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Across the United States, approximately 15,000 facilities produce, use or store more than threshold amounts of chemicals identified by the Environmental Protection Agency (EPA) as posing the greatest risk to human health and the environment if accidently released into the air.1

These chemical plants are often located near high-density population areas. According to Greenpeace's calculations, there are at least 30 cities in 25 states containing 112 chemical facilities that threaten one million or more people in the event of a toxic release due to an accident or terrorist attack.2 (See map for state-by-state numbers. Click for larger version.)

SOURCE: GreenPeace, 2003.

The U.S. Public Interest Research Group estimates that 41 million Americans live "within range of a toxic cloud that could result from a chemical accident at a facility located in their home zip codes."3

And accidents do occur! On average, there are over 60,000 chemical accidents per year, just in the United States, resulting in more than 250 deaths. Dow Chemical alone had 2,562 accidents between 1999 and 2003.4


Numerous examples of the effectiveness of sheltering-in-place have been cited over the years:5

  • Labarre, LA in 1961
    A 30-ton chlorine release immediately surrounded the house of a young family. After about 15-20 minutes, the father panicked and carried his young son outdoors. The rest of the family stayed inside. The family and the father survived, but the young boy died from the chlorine exposure he received outside.
  • Richmond, CA on July 26, 1993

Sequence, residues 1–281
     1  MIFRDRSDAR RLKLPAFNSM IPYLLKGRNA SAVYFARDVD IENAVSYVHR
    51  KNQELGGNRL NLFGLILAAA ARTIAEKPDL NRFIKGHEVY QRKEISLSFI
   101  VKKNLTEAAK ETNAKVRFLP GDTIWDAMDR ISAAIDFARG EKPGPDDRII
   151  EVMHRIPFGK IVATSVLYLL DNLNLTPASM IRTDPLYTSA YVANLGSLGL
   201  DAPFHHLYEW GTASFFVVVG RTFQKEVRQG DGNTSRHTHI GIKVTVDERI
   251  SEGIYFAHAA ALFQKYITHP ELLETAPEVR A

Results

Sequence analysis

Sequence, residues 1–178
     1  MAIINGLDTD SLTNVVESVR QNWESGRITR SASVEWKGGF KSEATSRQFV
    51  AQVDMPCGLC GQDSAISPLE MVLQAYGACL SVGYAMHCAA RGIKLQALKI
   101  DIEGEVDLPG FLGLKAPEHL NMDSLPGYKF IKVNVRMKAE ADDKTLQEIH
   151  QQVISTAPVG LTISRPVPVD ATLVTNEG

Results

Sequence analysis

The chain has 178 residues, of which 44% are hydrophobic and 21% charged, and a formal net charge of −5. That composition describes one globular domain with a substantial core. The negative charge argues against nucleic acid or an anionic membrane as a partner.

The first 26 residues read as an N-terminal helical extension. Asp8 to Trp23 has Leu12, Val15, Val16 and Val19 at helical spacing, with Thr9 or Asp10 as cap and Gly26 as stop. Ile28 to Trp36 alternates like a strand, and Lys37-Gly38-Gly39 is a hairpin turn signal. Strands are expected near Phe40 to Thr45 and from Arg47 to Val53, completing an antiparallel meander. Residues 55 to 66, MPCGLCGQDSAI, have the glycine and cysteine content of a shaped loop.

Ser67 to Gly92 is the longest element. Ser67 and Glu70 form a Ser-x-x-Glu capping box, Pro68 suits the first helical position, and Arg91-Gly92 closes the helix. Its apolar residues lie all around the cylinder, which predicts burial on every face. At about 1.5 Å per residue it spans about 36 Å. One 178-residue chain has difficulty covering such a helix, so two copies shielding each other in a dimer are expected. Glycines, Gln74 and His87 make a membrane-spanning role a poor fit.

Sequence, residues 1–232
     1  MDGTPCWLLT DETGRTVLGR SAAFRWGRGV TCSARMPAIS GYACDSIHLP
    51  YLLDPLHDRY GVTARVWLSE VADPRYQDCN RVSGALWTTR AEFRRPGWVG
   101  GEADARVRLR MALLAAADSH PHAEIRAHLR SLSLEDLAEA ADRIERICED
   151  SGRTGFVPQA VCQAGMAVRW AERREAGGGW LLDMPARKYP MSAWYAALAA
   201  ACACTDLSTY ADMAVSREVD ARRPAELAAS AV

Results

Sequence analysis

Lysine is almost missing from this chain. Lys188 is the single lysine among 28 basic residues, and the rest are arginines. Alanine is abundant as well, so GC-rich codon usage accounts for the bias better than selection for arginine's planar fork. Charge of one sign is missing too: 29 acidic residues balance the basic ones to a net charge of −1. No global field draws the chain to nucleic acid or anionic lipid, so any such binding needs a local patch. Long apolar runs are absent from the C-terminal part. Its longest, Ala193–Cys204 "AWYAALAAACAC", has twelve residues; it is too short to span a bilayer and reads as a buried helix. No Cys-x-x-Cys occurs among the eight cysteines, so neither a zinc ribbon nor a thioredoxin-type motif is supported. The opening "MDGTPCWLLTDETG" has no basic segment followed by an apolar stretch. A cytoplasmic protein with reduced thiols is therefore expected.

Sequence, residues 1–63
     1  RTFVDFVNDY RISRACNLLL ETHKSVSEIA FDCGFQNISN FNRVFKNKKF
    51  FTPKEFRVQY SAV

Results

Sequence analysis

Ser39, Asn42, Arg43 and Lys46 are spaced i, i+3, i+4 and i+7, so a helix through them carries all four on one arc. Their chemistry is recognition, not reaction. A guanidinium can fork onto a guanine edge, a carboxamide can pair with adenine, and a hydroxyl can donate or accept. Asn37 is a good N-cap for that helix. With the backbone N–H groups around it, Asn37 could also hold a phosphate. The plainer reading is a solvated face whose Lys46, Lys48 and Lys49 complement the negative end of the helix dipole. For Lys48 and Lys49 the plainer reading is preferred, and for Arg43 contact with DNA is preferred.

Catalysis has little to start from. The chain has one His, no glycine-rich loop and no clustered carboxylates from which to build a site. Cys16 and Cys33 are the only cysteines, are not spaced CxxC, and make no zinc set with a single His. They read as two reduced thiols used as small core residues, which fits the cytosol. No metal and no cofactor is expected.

A tank car carrying oleum overheated and ruptured sending a cloud of sulfur trioxide into the air. The Contra Costa County Health Services Department reported that 22,000 people in the community sought medical attention, 22 were hospitalized. Employees of a nearby plant, in the direct path of the plume, sheltered in place and were not injured.
  • Nitro, WV on December 5, 1995
    A process vessel at an FMC chemical plant over-pressurized and released a phosphorus chloride compound into the diked area around the vessel. In the rain, a hydrochloric acid cloud was formed which drifted offsite into an adjacent office and commercial area. More than 800 employees of a neighboring chemical plant and several offices sheltered in place while the plume passed over the area. No injuries were reported. Businesses in the area had been trained in sheltering for employees.
  • Pittsburgh, CA in 1998
    At a refinery, an accident released 900 pounds of chlorine. About 7,000 people in the immediate community were alerted to shelter-in-place. One employee was injured in the incident, but no injuries were reported from offsite.

    The Richmond, California example is especially instructive. It notes that 22,000 people in the community sought medical assistance. Those kinds of numbers are enough to overwhelm any community's healthcare resources. In addition, physicians in the community who are called upon to respond to incidents involving uncontrolled chemical exposure are seldom prepared to do so, as physicians with special training in occupational and environmental medicine are in short supply and may not be readily available.6


  1. "Homeland Security: DHS Is Taking Steps to Enhance Security at Chemical Facilities, But Additional Authority is Needed," GAO-06-150, January 27, 2006, pg.9.
  2. http://www.greenpeace.org/usa/news/does-a-chemical-plant-in-your
  3. Eric Pianin. "Study Assesses Risk of Attack on Chemical Plant," Washington Post. March 12, 2002; U.S. Public Interest Research Group: "Too Close to Home: Chemical Accident Risks in the United States," July 22, 1998.
  4. http://www.studentsforbhopal.org/DirtyDow.htm
  5. National Institute for Chemical Studies, "Effectiveness of Shelter-In-Place: Examples from across the Country," PDF.
  6. Guidotti, Tee L., MD, "Managing the Medical Response to a Major Industrial Accident Involving Uncontrolled Chemical Exposure," University of Alberta, Canada, 2006, pg. 1